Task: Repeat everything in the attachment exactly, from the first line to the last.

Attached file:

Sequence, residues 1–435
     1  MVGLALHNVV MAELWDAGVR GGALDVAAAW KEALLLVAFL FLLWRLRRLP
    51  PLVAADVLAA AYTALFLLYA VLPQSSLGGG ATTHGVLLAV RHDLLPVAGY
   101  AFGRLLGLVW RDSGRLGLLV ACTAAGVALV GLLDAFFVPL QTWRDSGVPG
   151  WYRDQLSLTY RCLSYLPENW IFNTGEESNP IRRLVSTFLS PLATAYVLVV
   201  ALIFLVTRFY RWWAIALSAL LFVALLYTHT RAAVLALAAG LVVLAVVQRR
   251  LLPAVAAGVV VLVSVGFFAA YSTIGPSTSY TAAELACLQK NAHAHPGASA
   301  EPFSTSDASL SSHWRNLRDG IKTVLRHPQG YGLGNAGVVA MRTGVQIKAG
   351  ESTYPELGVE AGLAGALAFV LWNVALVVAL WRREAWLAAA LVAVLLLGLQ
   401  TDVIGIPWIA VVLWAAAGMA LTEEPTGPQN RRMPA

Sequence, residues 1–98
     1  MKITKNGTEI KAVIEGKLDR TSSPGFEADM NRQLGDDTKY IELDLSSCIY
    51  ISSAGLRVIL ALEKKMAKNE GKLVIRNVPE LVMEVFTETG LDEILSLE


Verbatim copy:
Sequence, residues 1–435
     1  MVGLALHNVV MAELWDAGVR GGALDVAAAW KEALLLVAFL FLLWRLRRLP
    51  PLVAADVLAA AYTALFLLYA VLPQSSLGGG ATTHGVLLAV RHDLLPVAGY
   101  AFGRLLGLVW RDSGRLGLLV ACTAAGVALV GLLDAFFVPL QTWRDSGVPG
   151  WYRDQLSLTY RCLSYLPENW IFNTGEESNP IRRLVSTFLS PLATAYVLVV
   201  ALIFLVTRFY RWWAIALSAL LFVALLYTHT RAAVLALAAG LVVLAVVQRR
   251  LLPAVAAGVV VLVSVGFFAA YSTIGPSTSY TAAELACLQK NAHAHPGASA
   301  EPFSTSDASL SSHWRNLRDG IKTVLRHPQG YGLGNAGVVA MRTGVQIKAG
   351  ESTYPELGVE AGLAGALAFV LWNVALVVAL WRREAWLAAA LVAVLLLGLQ
   401  TDVIGIPWIA VVLWAAAGMA LTEEPTGPQN RRMPA

Sequence, residues 1–98
     1  MKITKNGTEI KAVIEGKLDR TSSPGFEADM NRQLGDDTKY IELDLSSCIY
    51  ISSAGLRVIL ALEKKMAKNE GKLVIRNVPE LVMEVFTETG LDEILSLE